Data science in Industry 4.0
Big data, machine learning, product digital twins and predictive maintenance—is it all only about marketing buzzwords or there is something real going on behind them? Industry 4.0 is becoming more and more tangible, but not everyone by far can realize what it is going to look like in the near future. At the same time, it is clear that this is something to come true in all industries—most likely, through an evolutionary process.
There are many articles in virtually all industrial magazines about Industry 4.0 and the problems it is supposed to address, so avid readers can easily google it. In this small article, we would like to share our experience and vision of the technologies that might help solve the problems.
Data science. How is it connected to Industry 4.0?
Why the big data concept, along with its analytical methods, is so important for the implementation of Industry 4.0? To make a factory smart and self-sufficient, it needs to be trained; and we need to take advantage of the best machine learning practices used in the manufacturing processes. The main purpose of machine learning is to develop algorithms that make predictions based on data. The algorithms/methods adaptively improve their performance as long as the number of learning samples increases; and that is why the accurate data becomes crucial.
What is the data then? It is a set of grouped metrics describing the properties of an object. Everything is data if you look close enough:
And what are the methods? Surprisingly, some methods have already been in place for a few centuries. Fundamental mathematical methods to solve such machine learning problems as data clustering, classification and regression were reported by scientists in 19th and 20th centuries already. Linear regression based on least squares is a good example introduced by Gauss in 1809. The absence of accurate and sufficient data used to prevent any learning experience for a long time. Now, thanks to the Internet of Things developments and the availability of modern and powerful IT infrastructures, we have gained the possibility to collect more and more data about manufacturing processes.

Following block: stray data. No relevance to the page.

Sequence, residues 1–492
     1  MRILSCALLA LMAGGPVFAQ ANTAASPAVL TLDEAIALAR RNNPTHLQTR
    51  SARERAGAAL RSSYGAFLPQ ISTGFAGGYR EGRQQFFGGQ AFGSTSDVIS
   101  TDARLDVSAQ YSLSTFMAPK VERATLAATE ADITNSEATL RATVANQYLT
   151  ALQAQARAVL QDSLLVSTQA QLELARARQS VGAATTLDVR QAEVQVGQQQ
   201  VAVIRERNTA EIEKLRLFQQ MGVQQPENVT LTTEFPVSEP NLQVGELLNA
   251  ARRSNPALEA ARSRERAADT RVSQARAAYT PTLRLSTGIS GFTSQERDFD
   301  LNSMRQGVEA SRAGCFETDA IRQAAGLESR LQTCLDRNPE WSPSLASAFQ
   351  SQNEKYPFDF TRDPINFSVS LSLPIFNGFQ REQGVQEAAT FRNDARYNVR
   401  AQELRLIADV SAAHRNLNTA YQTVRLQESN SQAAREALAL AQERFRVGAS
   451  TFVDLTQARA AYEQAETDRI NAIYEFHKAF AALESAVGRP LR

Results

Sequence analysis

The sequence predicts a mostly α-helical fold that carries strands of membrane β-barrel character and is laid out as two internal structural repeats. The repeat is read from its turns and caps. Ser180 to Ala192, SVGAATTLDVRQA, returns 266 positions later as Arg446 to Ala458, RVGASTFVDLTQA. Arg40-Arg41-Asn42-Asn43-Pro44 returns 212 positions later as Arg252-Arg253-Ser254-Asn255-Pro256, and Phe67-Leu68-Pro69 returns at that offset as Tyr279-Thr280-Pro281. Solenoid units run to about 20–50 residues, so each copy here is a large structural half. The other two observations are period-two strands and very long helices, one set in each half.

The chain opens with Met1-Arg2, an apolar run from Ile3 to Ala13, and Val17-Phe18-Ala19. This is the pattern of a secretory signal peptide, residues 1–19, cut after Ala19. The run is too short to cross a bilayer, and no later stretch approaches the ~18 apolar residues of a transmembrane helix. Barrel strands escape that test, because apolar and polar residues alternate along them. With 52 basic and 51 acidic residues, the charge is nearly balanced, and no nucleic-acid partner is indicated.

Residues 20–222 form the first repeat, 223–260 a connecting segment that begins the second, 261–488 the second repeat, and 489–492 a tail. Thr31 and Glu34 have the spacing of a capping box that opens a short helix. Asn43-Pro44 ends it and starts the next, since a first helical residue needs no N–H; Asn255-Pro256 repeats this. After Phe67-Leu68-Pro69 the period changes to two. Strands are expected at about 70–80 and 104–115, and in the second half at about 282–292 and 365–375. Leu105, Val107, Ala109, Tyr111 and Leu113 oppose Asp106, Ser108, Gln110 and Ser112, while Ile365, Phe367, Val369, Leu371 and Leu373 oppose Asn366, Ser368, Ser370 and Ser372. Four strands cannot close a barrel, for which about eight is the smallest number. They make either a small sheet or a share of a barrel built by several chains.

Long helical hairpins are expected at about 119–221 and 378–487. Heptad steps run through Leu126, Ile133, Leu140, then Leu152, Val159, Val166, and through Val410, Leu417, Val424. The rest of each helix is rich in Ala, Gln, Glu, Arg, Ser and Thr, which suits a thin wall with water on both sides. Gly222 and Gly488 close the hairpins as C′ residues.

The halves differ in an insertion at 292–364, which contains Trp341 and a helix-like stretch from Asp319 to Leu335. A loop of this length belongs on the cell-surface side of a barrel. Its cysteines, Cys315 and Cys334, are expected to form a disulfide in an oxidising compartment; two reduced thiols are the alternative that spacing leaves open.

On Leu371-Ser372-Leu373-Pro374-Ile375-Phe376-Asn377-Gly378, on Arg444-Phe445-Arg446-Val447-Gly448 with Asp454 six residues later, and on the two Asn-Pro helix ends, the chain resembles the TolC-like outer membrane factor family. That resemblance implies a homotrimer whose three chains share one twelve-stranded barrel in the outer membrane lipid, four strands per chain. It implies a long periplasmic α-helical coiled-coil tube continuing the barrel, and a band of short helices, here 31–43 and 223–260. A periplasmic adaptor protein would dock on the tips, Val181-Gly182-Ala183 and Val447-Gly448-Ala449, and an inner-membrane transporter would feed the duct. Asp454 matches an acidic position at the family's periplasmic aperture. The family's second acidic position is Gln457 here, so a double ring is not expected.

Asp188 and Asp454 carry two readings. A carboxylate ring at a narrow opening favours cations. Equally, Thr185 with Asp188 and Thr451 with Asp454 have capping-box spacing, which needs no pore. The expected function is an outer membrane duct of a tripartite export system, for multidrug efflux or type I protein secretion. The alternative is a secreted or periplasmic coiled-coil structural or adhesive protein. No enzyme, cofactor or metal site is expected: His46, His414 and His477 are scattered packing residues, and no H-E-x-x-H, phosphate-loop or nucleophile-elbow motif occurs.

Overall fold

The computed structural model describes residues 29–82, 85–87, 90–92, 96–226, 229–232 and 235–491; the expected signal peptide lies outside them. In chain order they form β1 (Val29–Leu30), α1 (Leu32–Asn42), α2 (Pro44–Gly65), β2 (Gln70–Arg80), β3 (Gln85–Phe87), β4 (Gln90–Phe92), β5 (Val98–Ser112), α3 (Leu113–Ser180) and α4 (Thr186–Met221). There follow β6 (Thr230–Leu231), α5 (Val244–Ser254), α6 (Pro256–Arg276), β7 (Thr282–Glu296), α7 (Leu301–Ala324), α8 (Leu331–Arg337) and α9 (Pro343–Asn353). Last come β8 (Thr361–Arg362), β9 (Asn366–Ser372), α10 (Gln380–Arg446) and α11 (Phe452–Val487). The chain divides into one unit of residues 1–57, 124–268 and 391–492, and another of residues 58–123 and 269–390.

What does it all mean and where does it go to?
As we have mentioned at the beginning of this article, the new Industry 4.0 paradigm is coming in by small steps. For example, before we reach the Autonomous Factory level, technological process transparency must be secured. It again denotes that qualified data are to be monitored and collected during the manufacturing processes execution. As one of the next steps, we could imagine that the collected data will be getting bigger and bigger, more and more accurate and representative. This is what makes the machine learning possible and efficient. This will in turn allow solving such important business problems as: time-referenced predictive maintenance of factory equipment, raising the overall performance of equipment to the next level, optimizing the supply chain management and other concomitant processes.
Well, and what about technologies?
Industrial standards, of course, differ from those widespread in consumer markets, but their basic principles are the same. Thus, we see it as a great advantage to have already functioning systems on the Internet of Things market — smart houses, and predictive systems in, for example, Health, Insurance and E-Commerce domains. The technologies can be (and will be) reused in Industrial Automation as well. The similarity can be noticed in all layers, starting from the same IoT devices connected to different sensors for equipment temperature, sound and vibration, which send runtime telemetry to the Edge computer in a Factory or directly to the Cloud via MQTT or other suitable protocols. For data analysis purposes, modern and rapidly developing tools like Python and R can be utilized in the same way as implemented in consumer applications nowadays. Quick access to big data and its visualization can be achieved with the help of many modern tools like Elasticsearch and Kibana. The amount of data is growing fast everywhere today and the corresponding technologies are evolving even faster. We just have to choose the most suitable ones and bring them, in conjunction with the proven experience, to the Industry 4.0 field.